Bishop Mark Seitz of El Paso said every bishop from both sides of the border had attended parts of the latest meeting. He also explained the unique life of the Church and of the community on the border.
"Every border community, contrary to some expectations, is a community that extends across the border, and it goes both ways," he said. "In fact, the very lifeblood of our communities is our connection with our neighbors, with our family across the border.
Dylan Corbett, director of the Hope Border Institute, said the Tex-Mex bishops' gatherings over the decades shows their longstanding commitment "to our border communities, and those who live in them and those who travel through them: asylum seekers and migrants."
The current gathering differed from others because of the additional actions with faith leaders of different traditions.
"Everyone is concerned about what is going on right now. Right now is a dramatic moment for our country," Corbett said. Leaders of faith are "here to say we stand in solidarity with the migrants."
Corbett cited the recent deaths of two Guatemalan migrant children in the custody of U.S. officials.
"We're here to say 'no more.' Migrants deserve much better and our border communities deserve much better," he said. "We say no to the construction of the wall, we say no to the symbol of hate and division that it is. We say no to the 'turnbacks', the illegal stopping of asylum seekers at ports of entry."
Such a policy if implemented would be a "disaster," resulting in "refugee camps on the other side of the border."
Bishop Daniel Flores of Brownsville stressed the need to speak with, listen to, and see with open eyes "the experience of the immigrant." These are "people the world often does not have time to talk to."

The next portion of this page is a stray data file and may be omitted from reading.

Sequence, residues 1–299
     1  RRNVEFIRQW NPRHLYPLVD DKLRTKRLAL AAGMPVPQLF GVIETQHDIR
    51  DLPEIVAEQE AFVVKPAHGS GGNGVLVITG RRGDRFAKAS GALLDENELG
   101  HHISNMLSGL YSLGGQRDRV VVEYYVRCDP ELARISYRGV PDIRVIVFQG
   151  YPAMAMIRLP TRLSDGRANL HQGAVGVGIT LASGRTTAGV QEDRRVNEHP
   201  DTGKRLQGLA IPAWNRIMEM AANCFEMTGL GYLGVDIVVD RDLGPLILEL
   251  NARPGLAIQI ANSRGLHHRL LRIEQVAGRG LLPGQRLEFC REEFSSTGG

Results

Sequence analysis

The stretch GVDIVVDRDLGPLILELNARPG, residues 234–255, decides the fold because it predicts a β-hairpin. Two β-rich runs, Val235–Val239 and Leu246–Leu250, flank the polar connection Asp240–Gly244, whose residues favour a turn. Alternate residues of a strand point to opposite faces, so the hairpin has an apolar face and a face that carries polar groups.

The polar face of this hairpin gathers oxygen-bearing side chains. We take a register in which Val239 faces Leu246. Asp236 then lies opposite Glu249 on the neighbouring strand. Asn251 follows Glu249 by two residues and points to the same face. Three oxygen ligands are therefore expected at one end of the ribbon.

"We create policies without talking to people who are affected by them," he said.
"It's so important for us as pastors to be in contact with the very concrete experiences of families," he continued. "It is the work of the church to be hospitable," he continued.
Caring for these migrants also has a spiritual aspect, Bishop Flores said.
(Story continues below)
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"Pope Francis insists to us that we must attend also to the spiritual need of the poor," he said, adding that the worst form of discrimination is "not to announce the good news to the poor." This is part of evangelizing, and the start of evangelizing is "the act of human contact and respect."
The bishops also gathered with advocacy groups and the Catholic faithful for interreligious prayer and witness and a show of solidarity on the U.S.-Mexico border at the Anapra Fence the afternoon of Feb. 26.
Participants in the week's events included Bishop Jose Guadalupe Torres Campos of Juarez, the Mexican bishops' national representative on migration programs; Father Robert Stark, a regional coordinator of the Vatican Migrants and Refugees Section; staff representatives of the U.S. Conference of Catholic Bishops; and leaders with the Catholic Legal Immigration Network and Catholic Charities.